see us, with whom we had a most precious sea- 
son in prayer. Never, no never, shall I forget 
"the times of refreshing" Ihave enjoyed under 
the paternal roof. And may God Almighty 
bless ray venerable parents, in the decline of 
life, with every temporal and spiritual comfort, 
and grant them at last an abundant entrance 
into his heavenly kingdom ! As it is expected 
that more than one hundred of the Oneidas will 
remove during the next month to Green Bay, 
it had been reported to my friends that I was 
designing to go with them. To be informed 
otherwise gave them great relief. Still, as my 
mind had been so. much exercised on the sub- 
ject of an ultimate removal to that distant land, 
as to cause sleep to depart from my eyes, it 
was my design to converse freely with them 
respecting it ; but, as the cross was so great, I 
concluded to defer the matter till it assumed a 
more definite shape. 

Sunday, 20th. Brother Bam«>^ ^x^i-wJwb^ \s^ 






thither? But I did not feel free to ani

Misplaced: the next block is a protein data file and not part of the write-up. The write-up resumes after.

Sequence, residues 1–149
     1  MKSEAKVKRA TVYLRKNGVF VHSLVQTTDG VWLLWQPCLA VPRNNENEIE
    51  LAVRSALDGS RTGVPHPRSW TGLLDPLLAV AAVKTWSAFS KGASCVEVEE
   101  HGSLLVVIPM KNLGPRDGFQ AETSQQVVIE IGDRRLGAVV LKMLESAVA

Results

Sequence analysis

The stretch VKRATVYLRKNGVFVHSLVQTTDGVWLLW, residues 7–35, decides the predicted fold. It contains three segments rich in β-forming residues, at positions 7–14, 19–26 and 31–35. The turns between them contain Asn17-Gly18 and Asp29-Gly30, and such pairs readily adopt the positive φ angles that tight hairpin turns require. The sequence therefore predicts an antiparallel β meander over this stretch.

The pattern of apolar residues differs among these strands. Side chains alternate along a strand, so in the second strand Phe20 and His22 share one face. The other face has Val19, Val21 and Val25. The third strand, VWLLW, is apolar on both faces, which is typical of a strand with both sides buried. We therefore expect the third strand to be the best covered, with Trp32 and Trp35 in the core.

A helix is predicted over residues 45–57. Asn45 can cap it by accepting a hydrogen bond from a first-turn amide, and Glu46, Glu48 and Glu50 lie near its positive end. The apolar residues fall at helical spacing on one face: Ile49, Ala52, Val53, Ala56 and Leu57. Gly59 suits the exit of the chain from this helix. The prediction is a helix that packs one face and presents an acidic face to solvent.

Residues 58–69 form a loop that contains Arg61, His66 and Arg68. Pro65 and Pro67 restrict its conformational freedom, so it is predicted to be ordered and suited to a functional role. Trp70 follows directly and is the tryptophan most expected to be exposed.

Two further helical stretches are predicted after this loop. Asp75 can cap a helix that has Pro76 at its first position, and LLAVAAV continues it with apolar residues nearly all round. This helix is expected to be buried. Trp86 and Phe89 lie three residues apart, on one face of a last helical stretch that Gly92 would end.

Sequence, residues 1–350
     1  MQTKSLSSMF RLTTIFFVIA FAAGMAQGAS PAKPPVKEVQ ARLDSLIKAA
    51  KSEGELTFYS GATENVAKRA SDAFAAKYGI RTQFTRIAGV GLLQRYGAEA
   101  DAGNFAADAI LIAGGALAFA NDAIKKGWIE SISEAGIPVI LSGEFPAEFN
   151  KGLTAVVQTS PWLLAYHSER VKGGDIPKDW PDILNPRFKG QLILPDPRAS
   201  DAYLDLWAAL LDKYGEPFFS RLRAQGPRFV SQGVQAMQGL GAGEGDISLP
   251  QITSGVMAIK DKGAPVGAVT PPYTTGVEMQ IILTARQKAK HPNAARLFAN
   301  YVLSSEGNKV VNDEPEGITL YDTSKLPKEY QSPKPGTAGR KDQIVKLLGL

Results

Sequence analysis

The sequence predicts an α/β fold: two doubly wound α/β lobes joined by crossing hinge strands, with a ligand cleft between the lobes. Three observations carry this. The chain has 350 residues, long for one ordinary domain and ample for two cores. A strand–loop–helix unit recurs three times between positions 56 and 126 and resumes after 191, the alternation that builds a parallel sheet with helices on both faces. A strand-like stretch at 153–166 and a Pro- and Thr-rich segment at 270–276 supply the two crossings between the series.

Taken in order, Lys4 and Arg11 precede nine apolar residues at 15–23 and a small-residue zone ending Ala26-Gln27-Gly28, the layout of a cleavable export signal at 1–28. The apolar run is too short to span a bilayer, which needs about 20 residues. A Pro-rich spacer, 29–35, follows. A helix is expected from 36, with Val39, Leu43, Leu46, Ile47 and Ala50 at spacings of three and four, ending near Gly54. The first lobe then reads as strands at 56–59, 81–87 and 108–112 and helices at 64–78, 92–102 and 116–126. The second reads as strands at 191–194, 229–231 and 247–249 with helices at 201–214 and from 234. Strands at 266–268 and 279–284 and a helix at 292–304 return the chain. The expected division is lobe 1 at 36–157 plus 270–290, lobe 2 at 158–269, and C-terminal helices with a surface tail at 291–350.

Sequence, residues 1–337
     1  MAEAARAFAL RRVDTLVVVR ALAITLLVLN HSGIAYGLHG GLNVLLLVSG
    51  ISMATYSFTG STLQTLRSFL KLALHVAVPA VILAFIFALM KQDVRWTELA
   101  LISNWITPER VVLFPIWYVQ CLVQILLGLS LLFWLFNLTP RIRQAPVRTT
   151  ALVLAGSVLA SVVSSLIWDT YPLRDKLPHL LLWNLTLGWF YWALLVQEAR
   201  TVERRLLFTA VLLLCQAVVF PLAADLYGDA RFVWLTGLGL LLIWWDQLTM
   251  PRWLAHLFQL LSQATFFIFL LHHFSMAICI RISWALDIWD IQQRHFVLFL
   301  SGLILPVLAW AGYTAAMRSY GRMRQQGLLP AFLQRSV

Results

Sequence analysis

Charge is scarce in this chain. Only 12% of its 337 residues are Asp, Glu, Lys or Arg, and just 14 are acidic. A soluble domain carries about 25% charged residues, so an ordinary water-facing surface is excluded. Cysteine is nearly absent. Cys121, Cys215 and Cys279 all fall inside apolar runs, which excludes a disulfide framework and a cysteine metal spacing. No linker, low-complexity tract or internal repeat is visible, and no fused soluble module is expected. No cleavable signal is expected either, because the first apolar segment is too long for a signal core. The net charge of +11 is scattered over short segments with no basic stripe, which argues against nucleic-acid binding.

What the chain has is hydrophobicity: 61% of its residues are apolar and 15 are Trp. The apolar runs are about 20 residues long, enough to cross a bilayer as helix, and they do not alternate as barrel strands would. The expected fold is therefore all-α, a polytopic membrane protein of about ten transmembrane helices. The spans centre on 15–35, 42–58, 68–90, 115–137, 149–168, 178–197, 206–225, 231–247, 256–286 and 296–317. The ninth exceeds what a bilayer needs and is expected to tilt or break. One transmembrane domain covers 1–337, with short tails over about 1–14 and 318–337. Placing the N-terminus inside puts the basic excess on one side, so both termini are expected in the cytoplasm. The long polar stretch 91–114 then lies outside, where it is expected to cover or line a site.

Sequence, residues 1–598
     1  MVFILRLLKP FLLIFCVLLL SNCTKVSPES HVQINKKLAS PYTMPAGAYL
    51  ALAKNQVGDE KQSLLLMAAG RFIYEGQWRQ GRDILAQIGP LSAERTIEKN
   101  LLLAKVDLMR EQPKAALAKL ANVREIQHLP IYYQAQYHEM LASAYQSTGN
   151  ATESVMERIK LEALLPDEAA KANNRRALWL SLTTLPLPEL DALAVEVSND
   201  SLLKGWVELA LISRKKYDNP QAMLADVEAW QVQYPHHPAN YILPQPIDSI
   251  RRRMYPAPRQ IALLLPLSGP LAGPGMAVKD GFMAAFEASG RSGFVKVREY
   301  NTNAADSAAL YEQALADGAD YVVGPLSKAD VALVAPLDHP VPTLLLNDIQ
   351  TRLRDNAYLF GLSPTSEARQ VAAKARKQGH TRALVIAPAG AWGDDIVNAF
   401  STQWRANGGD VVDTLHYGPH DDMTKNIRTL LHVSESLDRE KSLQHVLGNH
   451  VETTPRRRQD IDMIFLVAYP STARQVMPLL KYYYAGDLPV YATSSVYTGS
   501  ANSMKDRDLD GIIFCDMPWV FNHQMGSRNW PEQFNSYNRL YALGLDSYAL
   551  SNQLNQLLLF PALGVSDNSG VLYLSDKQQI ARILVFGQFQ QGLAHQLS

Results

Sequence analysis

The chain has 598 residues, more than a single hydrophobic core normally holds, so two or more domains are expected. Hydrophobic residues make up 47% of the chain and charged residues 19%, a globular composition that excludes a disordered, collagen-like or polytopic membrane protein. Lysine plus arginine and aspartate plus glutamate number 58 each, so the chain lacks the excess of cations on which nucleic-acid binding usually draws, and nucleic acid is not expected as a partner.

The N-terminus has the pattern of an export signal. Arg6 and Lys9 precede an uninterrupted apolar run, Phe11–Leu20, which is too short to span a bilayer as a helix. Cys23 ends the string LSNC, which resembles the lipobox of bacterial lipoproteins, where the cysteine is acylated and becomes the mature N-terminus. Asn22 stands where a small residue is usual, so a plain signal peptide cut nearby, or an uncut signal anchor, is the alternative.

wishing to make it still farther the subje 
reflection and prayer. I, however, told th 
should first wish to know it was my duty, 
that were it not for two or three ifs, I t 
easily settle the question. 1 parti cularl^i 
in my mind — the consent of my relatives- 
society of a few choice friends — and the nc 
to make me comfortable. But 1 leave thi 
all else that concerns my future course, ii 
hands of God. My chief concern is, and 
ever will be, lo know and do his blessed ^ 
My heart has been deeply humbled w 
me while reading the annual reports of tli 
male and Dorcas missionary societies of I 
York. I bless God for sympathizing frii 
however distant. May the Lord contini 
bless them, and cause their zeal to becooK 
more warm and diffusive, till the missic